Friday, July 11, 2008

The Final Exam

In the latest episode of the podcast 1up FM, there is a great discussion of the game Shadow of the Colossus that starts around about the 1:26:00 mark. I like this Backlog feature of theirs-- they've been playing through the game over the last month, and talking about it as they go along-- because it offers a much-needed outlet for discussion of games after they've been reviewed. As a result, the discussion moves beyond how fun the game is to play (the standard review assessment) and into the way the game influenced the panelists' views about larger questions in game criticism. A perspicuous and reasoned debate ensues in the last ten minutes about the role of narrative in games and the differences between narrative in games and in cinema.

I found all this fascinating because I think that Colossus is a model for how narrative ought to be done. The capacity to convey narrative through interaction is a constitutive rather than accidental feature of the medium. Every time a designer exploits this ability we get closer to finding out what kind of art games are, and what forms of expression are unique to games in comparison to other media.

All this talk about Colossus also inspired me to write about boss battles, because I believe that the game is the culmination of an interesting design heritage. Boss battles were first thought up in the arcades: at the end of a level (or segment of the level) you would run into an enemy that was just bigger and stronger than the rest of the enemies you faced. The boss could take more damage, had more damaging and harder-to-avoid attacks, and so forth. My dominant memory of boss battles during this era was that they were expensive. (I remember that you always had to have a row of quarters ready when you started to fight Krang.)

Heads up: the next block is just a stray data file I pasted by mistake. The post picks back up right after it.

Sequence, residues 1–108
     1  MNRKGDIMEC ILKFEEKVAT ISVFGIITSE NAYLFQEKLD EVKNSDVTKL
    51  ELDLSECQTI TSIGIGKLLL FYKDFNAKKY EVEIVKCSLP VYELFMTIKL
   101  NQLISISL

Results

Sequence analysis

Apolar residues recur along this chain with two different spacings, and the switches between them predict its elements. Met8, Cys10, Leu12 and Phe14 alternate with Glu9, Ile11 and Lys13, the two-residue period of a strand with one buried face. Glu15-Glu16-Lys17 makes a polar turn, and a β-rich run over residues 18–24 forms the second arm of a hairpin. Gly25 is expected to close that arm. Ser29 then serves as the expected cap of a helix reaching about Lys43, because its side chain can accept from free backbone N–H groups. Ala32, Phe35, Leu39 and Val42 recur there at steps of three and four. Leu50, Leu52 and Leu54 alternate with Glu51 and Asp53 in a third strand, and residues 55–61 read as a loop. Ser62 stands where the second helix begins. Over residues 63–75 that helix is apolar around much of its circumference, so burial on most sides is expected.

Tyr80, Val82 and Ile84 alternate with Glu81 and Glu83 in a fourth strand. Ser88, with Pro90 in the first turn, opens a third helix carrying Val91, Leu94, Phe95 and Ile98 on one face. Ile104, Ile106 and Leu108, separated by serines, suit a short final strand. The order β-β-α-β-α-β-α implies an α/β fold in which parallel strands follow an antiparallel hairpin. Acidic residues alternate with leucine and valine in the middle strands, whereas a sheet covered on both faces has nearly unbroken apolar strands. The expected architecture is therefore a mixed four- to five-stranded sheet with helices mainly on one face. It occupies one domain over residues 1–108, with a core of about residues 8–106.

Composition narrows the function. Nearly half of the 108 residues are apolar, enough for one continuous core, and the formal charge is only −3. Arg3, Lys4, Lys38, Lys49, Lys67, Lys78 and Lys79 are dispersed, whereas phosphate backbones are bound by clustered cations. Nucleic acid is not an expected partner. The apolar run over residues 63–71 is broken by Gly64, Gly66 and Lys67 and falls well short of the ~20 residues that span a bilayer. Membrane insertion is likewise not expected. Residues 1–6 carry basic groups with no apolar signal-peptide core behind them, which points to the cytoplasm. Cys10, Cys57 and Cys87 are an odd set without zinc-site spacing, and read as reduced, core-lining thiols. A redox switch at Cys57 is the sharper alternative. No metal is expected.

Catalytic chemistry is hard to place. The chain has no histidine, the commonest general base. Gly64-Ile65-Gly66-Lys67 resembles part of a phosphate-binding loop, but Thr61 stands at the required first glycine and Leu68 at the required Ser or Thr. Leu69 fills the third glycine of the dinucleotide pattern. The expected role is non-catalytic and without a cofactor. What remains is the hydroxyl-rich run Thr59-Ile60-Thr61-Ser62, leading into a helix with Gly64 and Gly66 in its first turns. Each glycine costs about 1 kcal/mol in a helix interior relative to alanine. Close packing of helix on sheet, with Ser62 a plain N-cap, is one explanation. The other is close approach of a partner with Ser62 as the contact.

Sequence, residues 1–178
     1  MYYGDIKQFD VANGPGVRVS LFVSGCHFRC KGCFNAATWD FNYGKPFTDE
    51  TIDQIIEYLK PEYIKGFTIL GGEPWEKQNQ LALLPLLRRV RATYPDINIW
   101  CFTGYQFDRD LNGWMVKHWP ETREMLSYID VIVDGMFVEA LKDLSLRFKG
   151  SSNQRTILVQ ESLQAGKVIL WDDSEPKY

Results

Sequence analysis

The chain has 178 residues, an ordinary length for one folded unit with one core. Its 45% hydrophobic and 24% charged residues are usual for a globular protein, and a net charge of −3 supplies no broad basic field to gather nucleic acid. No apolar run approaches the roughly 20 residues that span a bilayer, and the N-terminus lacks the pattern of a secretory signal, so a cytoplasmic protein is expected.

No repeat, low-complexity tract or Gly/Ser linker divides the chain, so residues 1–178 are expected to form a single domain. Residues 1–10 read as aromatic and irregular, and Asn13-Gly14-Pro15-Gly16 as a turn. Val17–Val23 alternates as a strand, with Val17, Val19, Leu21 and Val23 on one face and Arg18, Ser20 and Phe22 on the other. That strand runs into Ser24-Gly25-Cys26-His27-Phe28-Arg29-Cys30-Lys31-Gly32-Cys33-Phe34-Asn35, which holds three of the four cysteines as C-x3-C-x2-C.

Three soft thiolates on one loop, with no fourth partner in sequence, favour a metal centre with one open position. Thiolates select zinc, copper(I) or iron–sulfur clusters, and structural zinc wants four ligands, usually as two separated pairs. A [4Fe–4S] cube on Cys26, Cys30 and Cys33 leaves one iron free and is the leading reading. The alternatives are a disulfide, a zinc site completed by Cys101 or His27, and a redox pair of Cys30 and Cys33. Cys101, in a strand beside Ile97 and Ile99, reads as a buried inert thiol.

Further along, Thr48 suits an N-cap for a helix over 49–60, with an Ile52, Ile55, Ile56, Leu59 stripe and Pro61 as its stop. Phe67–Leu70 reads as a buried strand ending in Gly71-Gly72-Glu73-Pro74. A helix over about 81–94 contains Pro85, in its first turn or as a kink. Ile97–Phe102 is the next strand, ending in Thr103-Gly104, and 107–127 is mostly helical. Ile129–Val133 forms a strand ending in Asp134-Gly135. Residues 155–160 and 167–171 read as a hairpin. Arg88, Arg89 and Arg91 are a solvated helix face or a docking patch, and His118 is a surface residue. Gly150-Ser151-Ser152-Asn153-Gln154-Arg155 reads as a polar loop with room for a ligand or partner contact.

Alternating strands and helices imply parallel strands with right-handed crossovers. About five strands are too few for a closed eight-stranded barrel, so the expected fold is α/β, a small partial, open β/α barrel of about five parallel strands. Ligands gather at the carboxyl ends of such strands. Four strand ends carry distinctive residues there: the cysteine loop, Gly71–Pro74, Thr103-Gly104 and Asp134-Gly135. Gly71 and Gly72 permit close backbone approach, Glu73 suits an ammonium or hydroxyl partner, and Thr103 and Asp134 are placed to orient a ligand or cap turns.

The first game I remember ever fundamentally altering this formula was the original Legend of Zelda for the NES. At the end of the second dungeon, you were faced with a Dodongo, an enemy that differed from all your previous enemies in kind rather than just in degree. The rhino-looking bosses could not be defeated by normal sword slashes; rather you had to get him to swallow your bombs by laying them out in front of him. You had to figure this out on your own by experimenting with your various items.

This fight, simple on its own, is the seed of two great design ideas, both of which have been developed to an impressive degree of maturity. The first idea is using boss fights to test the player's knowledge of the existing game mechanics and to teach her to apply them in new ways. (You can think of the Dodongo fight as the discovery of a new “rule” for the use of bombs.) In the later installments of the Zelda series, each dungeon would have a series of puzzles and obstacles organized around the use of an item found in that dungeon. And then the boss would be a sort of “final exam” to test your mastery of the new rule the game taught you in the dungeon: you had to use the techniques you've used throughout the dungeon in novel or more complicated ways in order to damage the boss. This template was perfected Legend of Zelda: The Ocarina of Time and descends into mannerism in Phantom Hourglass. This approach to boss battles has been a hallmark of the Metroid Prime series, and Okami used this idea to great effect by applying the principle to many of the game's non-boss enemies.